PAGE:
Commandoes have used personal radios for several decades, but this sort of gear was considered too expensive and complex for regular infantry. That attitude has slowly changed, mainly because so many nations have volunteer troops who are much better trained than the conscripts that had been so common as infantry for the past century. The British, American and Canadian infantry have received thousands of these radios in the past few years. Current technology provides a 3-4 pound radio, costing under a thousand dollars, that has a max range of 500 meters in the open, or three floors inside a building. But thats the major limitation; short range inside buildings. The current solution for that is to enable the radios to automatically network with each other. Sort of like wi-fi systems do with PCs. At the same time, the next generation of personal infantry radios will introduce frequency hopping, a technique that constantly changes the frequency. The user doesnt notice this, but the constant frequency change makes it very difficult for the enemy to jam these radios, or eavesdrop on them. These next generation radios enable most troops fighting in a built up area to stay in touch with each other via their radios. But theres a cost. The new radios weigh twice as much as the current ones, and cost several times as much. But the various models being tested by the troops may reveal one that is so useful that the users wont mind the extra weight.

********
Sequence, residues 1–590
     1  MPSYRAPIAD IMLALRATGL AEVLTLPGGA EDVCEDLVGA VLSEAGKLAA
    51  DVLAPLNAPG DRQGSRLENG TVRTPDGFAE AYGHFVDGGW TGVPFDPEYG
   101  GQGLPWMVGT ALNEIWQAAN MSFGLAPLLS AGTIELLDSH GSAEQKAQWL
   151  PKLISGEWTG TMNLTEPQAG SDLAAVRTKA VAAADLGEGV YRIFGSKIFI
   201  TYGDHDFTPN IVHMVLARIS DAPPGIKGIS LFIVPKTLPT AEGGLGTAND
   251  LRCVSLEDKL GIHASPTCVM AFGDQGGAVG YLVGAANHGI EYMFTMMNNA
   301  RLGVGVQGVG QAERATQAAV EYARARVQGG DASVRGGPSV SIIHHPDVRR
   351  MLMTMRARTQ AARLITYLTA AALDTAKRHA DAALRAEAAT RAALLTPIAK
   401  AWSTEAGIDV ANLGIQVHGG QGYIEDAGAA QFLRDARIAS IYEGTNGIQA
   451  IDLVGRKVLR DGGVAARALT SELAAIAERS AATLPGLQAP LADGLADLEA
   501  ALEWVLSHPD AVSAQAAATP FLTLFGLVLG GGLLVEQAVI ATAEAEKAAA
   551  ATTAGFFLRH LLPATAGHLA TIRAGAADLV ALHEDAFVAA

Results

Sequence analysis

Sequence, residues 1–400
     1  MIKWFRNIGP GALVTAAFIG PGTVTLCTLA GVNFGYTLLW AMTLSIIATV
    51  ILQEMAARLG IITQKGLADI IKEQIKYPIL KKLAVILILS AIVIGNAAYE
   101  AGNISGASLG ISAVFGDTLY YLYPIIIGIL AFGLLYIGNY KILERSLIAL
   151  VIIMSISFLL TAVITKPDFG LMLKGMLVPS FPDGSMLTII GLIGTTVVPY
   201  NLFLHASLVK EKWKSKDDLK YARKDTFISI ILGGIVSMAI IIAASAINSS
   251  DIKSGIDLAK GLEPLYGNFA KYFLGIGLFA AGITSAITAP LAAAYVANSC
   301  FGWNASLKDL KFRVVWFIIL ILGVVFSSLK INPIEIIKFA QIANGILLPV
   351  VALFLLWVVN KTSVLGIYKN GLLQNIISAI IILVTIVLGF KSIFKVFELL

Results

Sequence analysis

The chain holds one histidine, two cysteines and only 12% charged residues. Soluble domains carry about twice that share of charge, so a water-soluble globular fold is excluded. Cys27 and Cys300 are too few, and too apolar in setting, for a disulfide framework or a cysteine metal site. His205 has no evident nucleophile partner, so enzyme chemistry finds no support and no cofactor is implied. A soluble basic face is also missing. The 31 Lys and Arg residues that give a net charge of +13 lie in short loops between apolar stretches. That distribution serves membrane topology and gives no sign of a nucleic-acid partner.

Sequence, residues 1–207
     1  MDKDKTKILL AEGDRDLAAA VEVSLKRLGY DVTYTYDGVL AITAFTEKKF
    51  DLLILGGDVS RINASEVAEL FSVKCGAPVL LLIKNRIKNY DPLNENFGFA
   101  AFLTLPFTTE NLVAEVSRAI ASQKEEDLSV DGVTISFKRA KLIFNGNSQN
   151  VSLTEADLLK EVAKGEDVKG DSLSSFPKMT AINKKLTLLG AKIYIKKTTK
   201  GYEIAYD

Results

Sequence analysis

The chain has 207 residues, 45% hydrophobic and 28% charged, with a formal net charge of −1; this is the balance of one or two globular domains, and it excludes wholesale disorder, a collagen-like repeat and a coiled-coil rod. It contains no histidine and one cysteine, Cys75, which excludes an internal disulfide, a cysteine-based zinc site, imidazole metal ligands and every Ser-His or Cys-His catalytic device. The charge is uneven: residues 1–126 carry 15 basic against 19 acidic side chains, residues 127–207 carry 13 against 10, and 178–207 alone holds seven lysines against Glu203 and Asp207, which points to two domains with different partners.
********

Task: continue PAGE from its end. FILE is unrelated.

The war in Iraq is getting the issue of personal radios for infantrymen the kind of attention theyve never had before. The United States is shipping several new systems to Iraq and Afghanistan, to let the troops decide which works best. Without a war going on, personal radios for the infantry would have low priority, mainly because most senior generals have not been infantry platoon leaders for over twenty years, and have lost touch with just how important personal radios are.